I'll admit, when I first saw it I was confused. I wondered why a sole proprietor filed a RED HOT CHILI PEPPERS trademark application and alleged a first use date of only 2009. Then I saw it - Red NOT Chili Peppers. The federal trademark application, filed on November 14th, was filed by a guy in California for the mark RED NOT CHILI PEPPERS in Class 41 for a variety of entertainment services related to a musical band.
Guess who already owns a registration in Class 41 for entertainment services related to a musical group? A California partnership called the Red Hot Chili Peppers consisting of Anthony Kiedis, Chad Smith, John Frusciante, and Michael Balzary. You may have heard of them. That registration alleges a first use date of 1983.
When an application is likely to cause confusion with a previously filed application or registration, the Trademark Office will refuse registration to the most recent application under Section 2(d) of the Trademark Act. That section prohibits the registration of a mark that, as used on or in connection with the goods or services specified on the application, so resembles a registered mark as to be likely to cause confusion. TMEP 1207.01. The two critical factors (but not the only factors) in making such a determination are the similarity of the marks and the relatedness of the goods or services.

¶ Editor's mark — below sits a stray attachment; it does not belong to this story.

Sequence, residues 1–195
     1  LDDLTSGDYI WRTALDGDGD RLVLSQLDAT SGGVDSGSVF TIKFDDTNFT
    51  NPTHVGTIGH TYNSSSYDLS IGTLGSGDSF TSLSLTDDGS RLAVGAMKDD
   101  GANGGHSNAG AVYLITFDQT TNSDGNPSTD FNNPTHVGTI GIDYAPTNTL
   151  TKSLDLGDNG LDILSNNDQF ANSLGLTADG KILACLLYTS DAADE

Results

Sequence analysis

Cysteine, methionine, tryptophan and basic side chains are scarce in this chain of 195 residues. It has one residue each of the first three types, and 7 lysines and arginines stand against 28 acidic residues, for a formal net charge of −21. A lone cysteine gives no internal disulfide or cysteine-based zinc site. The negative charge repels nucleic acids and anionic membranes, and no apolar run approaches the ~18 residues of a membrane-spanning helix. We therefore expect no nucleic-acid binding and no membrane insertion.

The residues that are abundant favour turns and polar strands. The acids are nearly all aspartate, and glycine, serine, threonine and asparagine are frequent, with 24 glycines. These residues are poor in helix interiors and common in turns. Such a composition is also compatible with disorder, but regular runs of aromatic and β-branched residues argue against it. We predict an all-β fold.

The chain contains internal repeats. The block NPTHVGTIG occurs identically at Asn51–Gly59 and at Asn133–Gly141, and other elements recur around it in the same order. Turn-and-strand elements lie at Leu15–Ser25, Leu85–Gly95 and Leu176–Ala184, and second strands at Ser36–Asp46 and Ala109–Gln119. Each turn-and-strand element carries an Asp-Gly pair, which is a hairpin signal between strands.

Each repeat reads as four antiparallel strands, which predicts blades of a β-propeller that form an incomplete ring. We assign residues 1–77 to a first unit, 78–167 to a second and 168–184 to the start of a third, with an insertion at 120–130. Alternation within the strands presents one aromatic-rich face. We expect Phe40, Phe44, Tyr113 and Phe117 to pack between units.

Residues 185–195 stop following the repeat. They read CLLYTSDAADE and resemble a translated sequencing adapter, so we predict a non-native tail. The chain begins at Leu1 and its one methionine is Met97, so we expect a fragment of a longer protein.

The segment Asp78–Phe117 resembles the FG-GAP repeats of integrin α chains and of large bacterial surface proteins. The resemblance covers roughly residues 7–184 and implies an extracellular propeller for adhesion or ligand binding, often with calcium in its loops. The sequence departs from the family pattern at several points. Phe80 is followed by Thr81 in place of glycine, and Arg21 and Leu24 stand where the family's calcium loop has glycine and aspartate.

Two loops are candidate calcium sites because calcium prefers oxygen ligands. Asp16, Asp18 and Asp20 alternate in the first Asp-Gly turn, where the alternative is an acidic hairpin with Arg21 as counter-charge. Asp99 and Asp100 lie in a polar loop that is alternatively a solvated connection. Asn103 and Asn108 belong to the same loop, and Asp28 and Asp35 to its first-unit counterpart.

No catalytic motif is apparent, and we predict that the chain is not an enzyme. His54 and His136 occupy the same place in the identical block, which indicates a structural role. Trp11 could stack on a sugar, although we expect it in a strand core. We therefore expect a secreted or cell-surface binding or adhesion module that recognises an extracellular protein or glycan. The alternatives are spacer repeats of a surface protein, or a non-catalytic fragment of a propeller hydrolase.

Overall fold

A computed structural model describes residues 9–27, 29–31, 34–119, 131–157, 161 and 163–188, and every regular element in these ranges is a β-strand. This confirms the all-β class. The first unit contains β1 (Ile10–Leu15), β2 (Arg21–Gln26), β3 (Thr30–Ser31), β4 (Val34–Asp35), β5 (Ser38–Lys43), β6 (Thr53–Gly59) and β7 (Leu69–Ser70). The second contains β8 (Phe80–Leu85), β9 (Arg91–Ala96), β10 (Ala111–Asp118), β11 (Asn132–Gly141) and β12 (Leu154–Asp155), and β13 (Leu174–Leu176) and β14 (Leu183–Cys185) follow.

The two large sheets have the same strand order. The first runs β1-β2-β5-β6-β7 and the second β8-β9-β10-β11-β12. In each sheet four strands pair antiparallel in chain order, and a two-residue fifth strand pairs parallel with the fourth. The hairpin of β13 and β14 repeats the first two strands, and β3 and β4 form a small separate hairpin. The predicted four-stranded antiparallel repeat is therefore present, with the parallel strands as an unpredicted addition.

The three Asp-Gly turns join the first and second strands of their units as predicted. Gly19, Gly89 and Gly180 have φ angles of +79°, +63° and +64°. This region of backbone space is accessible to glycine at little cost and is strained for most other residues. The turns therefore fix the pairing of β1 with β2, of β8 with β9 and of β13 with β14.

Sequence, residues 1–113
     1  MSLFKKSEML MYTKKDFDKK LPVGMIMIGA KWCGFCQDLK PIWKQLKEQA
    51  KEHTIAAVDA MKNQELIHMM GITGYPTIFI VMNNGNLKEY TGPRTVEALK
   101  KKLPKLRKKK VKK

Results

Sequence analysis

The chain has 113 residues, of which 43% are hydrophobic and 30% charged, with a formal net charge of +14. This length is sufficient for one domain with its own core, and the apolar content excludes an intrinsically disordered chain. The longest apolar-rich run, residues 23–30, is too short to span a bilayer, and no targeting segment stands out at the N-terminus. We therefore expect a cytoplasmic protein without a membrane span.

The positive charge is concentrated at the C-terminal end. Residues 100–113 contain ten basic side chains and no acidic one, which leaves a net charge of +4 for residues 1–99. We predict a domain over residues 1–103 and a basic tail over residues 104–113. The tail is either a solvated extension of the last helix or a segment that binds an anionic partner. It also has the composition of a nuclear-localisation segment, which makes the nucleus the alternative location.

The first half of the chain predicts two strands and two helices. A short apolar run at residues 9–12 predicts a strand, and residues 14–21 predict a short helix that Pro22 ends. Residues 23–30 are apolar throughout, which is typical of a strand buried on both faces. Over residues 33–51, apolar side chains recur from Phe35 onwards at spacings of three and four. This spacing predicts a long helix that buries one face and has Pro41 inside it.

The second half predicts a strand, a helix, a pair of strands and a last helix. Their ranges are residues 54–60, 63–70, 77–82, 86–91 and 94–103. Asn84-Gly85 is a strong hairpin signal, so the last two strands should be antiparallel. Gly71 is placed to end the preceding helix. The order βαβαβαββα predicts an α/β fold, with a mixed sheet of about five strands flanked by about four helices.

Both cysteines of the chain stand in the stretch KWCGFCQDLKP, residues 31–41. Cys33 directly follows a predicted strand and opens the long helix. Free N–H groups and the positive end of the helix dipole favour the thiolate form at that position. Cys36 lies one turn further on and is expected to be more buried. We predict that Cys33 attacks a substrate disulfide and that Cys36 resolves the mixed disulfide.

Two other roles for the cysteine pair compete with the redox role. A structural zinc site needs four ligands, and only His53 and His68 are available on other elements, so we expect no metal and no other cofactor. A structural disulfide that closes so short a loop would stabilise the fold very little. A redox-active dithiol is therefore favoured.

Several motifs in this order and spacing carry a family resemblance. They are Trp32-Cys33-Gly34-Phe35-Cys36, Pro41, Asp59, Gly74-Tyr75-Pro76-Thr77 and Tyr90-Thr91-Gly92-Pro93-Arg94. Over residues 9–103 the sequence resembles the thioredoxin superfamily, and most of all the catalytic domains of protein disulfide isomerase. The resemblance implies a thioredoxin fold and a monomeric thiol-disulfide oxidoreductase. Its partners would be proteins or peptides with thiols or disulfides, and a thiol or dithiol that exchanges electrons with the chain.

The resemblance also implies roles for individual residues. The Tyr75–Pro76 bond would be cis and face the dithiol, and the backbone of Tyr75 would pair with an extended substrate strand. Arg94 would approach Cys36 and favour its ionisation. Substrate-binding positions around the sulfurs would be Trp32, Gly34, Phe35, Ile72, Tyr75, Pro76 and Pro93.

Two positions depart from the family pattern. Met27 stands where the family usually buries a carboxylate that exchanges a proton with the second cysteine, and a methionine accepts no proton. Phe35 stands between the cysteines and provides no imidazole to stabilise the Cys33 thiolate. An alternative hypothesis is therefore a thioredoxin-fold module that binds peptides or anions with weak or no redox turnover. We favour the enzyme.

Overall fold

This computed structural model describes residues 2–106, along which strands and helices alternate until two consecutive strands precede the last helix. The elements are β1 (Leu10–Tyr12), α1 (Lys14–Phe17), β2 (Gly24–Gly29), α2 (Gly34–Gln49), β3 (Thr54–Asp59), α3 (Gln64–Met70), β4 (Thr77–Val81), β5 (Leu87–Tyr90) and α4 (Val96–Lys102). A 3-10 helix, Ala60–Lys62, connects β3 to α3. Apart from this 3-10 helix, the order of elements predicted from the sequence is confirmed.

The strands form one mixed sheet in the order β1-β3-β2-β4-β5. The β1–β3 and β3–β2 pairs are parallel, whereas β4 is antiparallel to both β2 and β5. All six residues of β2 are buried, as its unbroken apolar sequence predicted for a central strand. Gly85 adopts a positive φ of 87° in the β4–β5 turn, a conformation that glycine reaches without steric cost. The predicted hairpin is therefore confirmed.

But what about the parody defense? Does that permit the registration of RED NOT CHILI PEPPERS? Not exactly. The Trademark Office makes it clear that "the fact that a mark is intended to be a parody of another trademark is not, by itself, sufficient to overcome a likelihood of confusion refusal..." TMEP 1207.01(b)(x). The "right of the public to use words...in a humorous and parodic manner does not extend to use of such words as trademarks if such use conflicts with the prior use and/or registration of the substantially same mark by another." Columbia Pictures Indus., Inc. v. Miller, 211 U.S.P.Q. 816, 820 (TTAB 1981). For example, the Trademark Trial and Appeal Board found a likely of confusion between LESSBUCKS COFFEE and STARBUCKS COFFEE when used with identical goods and services, despite the parodic nature of LESSBUCKS COFFEE. Starbucks U.S. Brands, LLC v. Ruben, 78 U.S.P.Q.2d 1741 (TTAB 2006).
Will the Examining Attorney who reviews the RED NOT CHILI PEPPERS trademark application experience the same confusion I did and issue a 2(d) refusal? We will find out in approximately three months when this application is assigned to an attorney at the Trademark Office.
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